Dear friends in Christ,
Out of Egypt: Reading Exodus Theologically
On September 30 at 10 a.m., the Sunday class continues its study of the book of Exodus in the Old Testament. Following the giving of the “book of the covenant,” the Lord begins the instructions for constructing the Tabernacle, the place in which the Lord himself would dwell during the Israelite wandering in the desert. But first he gives Moses “tables of stone,” on which were written the law.
In addition to being a record of the central event in Jewish history – the exodus from Egypt and journey toward the Promised Land – Exodus also provides a prime case study of the benefits of a utilization of the traditional “four senses” of scripture: the literal, the typological, the moral, and the mystical.
NB: There will not be a 10 a.m. class on Sunday, October 7 due to the activities around the organ dedication.
The scriptural imagination
The class on Exodus has been going on for quite a while – this Sunday’s class is the 19th session in the series. That is not as long as the Friday Bible study examined the Gospel of St. Luke, however; I believe that journey lasted two years. The Exodus class has been a deep dive into this narrative of the genesis of the Hebrew people, as the Luke class was a deep dive into the genesis of the Christian people.
Recently I ran across an article written by C. Kavin Rowe, professor of New Testament at the Duke Divinity School, that helped me think about the importance of these kinds of protracted studies of scripture. (The article is here.) Rowe suggests that this type of study is integral to the formation of a “Scriptural imagination.” He explains that “imagination” in this sense doesn’t mean fantastical play or creativity. He writes:
Imagination … is thus not something that exists only in our heads or is used only for particular activities such as artistic depiction; it is also practically dense, or lived. The shape of our lives both testifies to and influences the way we imagine the world, and, conversely, our imagination helps to structure the concrete patterns of daily, lived existence.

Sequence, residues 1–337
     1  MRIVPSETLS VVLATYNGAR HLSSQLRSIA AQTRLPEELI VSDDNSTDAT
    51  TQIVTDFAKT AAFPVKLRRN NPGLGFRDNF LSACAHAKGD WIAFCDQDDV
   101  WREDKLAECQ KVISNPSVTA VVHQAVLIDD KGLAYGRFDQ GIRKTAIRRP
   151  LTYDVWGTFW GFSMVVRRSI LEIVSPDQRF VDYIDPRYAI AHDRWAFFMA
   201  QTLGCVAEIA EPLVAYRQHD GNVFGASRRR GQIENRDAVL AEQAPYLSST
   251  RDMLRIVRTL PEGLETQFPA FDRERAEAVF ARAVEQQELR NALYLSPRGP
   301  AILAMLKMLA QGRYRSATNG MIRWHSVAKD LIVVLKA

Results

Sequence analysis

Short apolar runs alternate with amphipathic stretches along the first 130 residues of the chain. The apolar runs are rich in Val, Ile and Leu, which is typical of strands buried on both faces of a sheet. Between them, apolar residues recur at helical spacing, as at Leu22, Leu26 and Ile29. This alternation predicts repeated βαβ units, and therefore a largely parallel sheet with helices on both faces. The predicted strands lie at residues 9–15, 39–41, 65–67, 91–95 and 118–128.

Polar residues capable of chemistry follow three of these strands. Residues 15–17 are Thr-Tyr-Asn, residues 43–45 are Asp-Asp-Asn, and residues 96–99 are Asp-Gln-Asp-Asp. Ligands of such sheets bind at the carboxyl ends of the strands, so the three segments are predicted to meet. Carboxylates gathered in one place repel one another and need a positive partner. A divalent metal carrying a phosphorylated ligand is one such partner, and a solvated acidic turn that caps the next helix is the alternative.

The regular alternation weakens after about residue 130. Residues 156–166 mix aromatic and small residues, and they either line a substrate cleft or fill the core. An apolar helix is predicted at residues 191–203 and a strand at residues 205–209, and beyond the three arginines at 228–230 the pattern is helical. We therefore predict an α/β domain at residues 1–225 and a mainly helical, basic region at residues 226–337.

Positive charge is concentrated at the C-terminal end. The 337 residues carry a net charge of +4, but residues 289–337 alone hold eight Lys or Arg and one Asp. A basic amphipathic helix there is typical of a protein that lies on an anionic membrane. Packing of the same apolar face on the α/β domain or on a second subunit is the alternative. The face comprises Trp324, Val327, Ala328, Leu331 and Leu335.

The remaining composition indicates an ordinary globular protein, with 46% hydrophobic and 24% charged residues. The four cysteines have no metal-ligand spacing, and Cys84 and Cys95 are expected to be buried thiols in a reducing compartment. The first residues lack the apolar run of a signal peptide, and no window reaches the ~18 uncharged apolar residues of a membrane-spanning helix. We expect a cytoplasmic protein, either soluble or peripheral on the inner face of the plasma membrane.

That is, immersion in the Bible shapes the way we come to interpret all other experiences. Optimally, our lives become formed by the narrative of God’s revelation in Scripture.
This suggests a few things to me. The first is the importance of taking time with the Bible, paying close attention, going slowly, resisting the urge to complete one thing in order to move on to the next. Some may find this difficult to the point of impossibility; I certainly do. The formation of a Scriptural imagination can’t be rushed, however, but is the product of sustained attention.
The second is the helpfulness of other perspectives, and the artificiality of relying on oneself alone for interpretation. Self-reliance isn’t a virtue in this case. Rowe illustrates this with the story of Philip and the Ethiopian eunuch from Acts 8 (here). The eunuch is reading the Scriptures, and Philip asks him whether he understands what it is that he is reading. He responds, How could I, unless someone helps me? Indeed, we all need other people’s insights, other people’s assistance. Luckily for today’s Church, that assistance abounds. Rowe suggests learning Greek and Hebrew, which I find a tad ambitious. However, help can come not only from contemporary commentary-writers and supportive fellow members of Bible study groups, but also faithful readers of generations past, going all the way back to the first few centuries of the Church. Thanks to the internet, all manner of commentaries and Biblical research are now widely available, from the patristic era up to the present day. Some of it is totally nuts, certainly, but there are some gems out there, too.
The third thing the article reminded me of is how extraordinarily fortunate we are to have a local community with whom to read, study, and interpret scripture, alongside the communion of saints across time and space. Not everyone does. In a culture that is largely indifferent to scripture, a community that values the Bible and tradition is all the more important. It is something for which we should give thanks daily.
Yours in Christ,